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Uncivil Discourse

I read today that Rick Sanchez, a personality on CNN, was fired Friday over remarks that he made in an interview with Pete Dominick on Sirius Radio. Before going further, I want to make it perfectly clear that I have no dog in this fight – I don’t own a television and am neither a Democrat nor a Republican. Since I live in the Miami area, I am familiar with Mr. Sanchez – he was a local TV personality here long before he became a “star” on CNN. After I read the transcript of what he said during the interview and then started reading the reactions to what he said, I was rather intrigued that no one, to my knowledge, addressed what I think are the underlying reasons for what Mr. Sanchez said. I think everyone has wildly misinterpreted what he said – they have twisted what he said to fit their own agendas. Instead of thinking critically and reflecting on the incident, virtually everyone has piled on him, calling him a bigot, stupid, and an anti-Semite.

Mr. Sanchez, according to Wikipedia, was born in 1958 in Guanabacoa, Cuba (a suburb of Havana) and came to Miami in 1960, at the age of two. I wasn’t able to find out anything about his parents, but I would bet that they were upper-class professionals who fled the regime of Fidel Castro very early on. Mr. Sanchez said during the interview, “I grew up not speaking English, dealing with real prejudice every day as a kid; watching my dad work in a factory, wash dishes, drive a truck, get spit on. I’ve been told that I can’t do certain things in life simply because I was a Hispanic.” Those words are the key to understanding what he said. It is just not right to jump to the conclusion that Mr. Sanchez is an anti-Semite. He certainly didn’t exercise good judgement in his choice of words, but it would be useful to try to understand where he is coming from and not judge him unfairly.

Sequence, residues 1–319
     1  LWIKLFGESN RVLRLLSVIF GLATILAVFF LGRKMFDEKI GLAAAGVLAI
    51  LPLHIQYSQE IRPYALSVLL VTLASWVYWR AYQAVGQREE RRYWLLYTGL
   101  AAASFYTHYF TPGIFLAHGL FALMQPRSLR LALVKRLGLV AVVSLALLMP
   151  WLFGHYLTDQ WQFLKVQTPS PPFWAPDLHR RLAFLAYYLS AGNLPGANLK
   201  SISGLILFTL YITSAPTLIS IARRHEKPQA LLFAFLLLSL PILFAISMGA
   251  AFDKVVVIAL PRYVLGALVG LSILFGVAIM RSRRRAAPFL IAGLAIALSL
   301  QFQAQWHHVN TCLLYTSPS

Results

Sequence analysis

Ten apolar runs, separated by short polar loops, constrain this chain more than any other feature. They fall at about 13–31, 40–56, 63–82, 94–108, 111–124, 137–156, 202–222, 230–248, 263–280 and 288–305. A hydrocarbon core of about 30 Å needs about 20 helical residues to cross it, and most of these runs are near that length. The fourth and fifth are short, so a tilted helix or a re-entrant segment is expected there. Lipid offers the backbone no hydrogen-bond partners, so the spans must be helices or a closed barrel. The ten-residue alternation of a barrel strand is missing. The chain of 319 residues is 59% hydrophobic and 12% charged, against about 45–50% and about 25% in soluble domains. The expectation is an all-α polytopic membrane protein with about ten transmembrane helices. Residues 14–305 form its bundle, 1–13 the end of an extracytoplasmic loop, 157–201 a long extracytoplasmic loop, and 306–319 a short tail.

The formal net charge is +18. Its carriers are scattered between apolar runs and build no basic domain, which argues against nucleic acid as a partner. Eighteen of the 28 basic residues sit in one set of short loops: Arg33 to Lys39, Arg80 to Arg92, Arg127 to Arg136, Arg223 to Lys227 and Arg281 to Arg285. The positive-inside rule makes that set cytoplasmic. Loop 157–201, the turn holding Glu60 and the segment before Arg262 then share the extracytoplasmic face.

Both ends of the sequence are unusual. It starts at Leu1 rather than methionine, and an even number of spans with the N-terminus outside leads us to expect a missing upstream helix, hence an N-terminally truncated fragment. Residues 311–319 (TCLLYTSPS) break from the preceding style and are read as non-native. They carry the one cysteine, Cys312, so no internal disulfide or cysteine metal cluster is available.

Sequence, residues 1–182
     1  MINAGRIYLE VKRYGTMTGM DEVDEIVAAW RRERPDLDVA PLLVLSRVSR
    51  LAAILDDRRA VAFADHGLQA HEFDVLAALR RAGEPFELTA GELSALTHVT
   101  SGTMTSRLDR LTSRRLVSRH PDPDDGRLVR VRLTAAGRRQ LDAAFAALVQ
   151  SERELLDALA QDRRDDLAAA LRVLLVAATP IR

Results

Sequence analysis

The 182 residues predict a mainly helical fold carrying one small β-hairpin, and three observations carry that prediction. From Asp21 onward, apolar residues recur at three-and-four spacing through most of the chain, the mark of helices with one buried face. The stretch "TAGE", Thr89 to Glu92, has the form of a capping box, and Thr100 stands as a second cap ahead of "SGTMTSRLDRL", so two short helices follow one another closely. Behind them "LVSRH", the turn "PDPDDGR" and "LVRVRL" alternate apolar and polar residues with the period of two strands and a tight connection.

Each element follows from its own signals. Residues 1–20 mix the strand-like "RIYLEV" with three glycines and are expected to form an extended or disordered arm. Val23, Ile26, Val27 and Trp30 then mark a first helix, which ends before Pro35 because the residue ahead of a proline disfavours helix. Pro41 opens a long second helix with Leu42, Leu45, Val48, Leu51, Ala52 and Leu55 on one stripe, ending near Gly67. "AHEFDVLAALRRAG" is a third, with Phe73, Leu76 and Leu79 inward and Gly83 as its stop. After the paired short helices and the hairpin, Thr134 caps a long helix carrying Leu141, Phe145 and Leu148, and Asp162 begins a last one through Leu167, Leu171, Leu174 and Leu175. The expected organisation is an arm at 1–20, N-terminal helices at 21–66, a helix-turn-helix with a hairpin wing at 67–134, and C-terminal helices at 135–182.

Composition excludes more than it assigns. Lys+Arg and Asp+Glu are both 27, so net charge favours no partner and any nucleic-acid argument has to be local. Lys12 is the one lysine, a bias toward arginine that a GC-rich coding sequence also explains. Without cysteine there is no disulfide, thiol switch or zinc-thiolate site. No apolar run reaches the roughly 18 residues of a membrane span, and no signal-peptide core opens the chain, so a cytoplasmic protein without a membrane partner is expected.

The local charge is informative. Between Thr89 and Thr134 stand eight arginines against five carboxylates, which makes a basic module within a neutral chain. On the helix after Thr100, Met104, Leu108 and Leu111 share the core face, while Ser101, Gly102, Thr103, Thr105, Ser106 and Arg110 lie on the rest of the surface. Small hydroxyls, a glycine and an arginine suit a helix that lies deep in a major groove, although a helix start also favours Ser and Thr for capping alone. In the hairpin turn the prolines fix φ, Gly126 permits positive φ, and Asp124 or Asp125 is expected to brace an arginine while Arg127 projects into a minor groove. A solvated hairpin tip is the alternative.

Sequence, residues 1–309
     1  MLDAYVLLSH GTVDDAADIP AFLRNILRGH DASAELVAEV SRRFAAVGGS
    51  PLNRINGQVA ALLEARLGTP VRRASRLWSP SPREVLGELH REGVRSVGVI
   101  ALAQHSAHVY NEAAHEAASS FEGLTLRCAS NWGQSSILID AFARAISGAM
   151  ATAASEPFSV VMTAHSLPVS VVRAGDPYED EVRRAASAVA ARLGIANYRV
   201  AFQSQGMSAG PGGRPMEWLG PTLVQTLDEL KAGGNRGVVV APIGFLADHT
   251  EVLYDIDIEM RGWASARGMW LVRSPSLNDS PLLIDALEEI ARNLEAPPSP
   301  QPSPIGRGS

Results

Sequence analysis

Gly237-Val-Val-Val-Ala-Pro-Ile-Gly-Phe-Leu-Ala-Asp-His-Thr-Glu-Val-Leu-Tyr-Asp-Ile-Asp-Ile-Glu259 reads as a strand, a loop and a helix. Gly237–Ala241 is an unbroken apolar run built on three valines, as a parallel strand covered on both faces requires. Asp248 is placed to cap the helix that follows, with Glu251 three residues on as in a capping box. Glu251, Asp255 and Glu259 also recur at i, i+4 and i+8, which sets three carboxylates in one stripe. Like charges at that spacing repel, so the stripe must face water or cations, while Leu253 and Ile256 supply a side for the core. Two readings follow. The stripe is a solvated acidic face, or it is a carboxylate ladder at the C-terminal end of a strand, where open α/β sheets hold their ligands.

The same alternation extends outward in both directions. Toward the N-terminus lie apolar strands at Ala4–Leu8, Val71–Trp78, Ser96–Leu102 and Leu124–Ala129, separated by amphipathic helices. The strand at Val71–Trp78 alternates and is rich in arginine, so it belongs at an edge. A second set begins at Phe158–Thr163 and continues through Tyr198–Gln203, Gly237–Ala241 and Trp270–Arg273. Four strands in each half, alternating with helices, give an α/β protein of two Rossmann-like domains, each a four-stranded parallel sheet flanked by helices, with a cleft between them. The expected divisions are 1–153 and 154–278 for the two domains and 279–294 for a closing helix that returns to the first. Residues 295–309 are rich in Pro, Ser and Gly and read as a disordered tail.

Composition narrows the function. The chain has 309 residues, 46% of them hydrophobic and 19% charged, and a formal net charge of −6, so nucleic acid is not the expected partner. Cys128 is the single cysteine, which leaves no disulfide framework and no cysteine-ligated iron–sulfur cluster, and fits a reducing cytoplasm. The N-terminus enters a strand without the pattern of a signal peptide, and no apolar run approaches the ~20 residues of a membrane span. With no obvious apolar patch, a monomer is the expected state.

As I wrote earlier, I live in the Miami area and can testify to the prejudice that the early arrivals from Cuba experienced. I saw it and I lived it. I had classmates in high school whose fathers were lawyers and doctors in Cuba who had to pick tomatoes in the fields southwest of Miami to survive until they could get their licenses to practice in this country. Their mothers, who were socialites in Cuba, survived by being maids for wealthy families. I suspect that Mr. Sanchez’ parents might have been in that situation. I can understand his bitterness and his “thin skin”. No doubt, his father came home from his factory job and vented every night about the injustices that he experienced. Mr. Sanchez’ childhood experiences don’t justify what he said, but I can understand his pain. When he sarcastically remarked that Jews were by no means a minority in this country, he was really saying that Jews have become assimilated in this country, which is not true for Cubans of Mr. Sanchez’ generation – he is still living the discrimination, common to all immigrant groups in this country, of his childhood. And acting it out, live on Sirius Radio, to his detriment.

Discrimination against Others has been going on forever. Were you aware that the word “wop”, often applied to Italians, is an acronym for Without Papers? How many Polish “jokes” have you heard? How about Redneck “jokes”? The Scotch-Irish, who came to this country very early on, had nothing good to say about the Irish, who came later. And of course, what about discrimination against Native Americans and Blacks?

The immigrant experience in this country, as Cubans would say, no es facil (is not easy). It never has been and it never will be.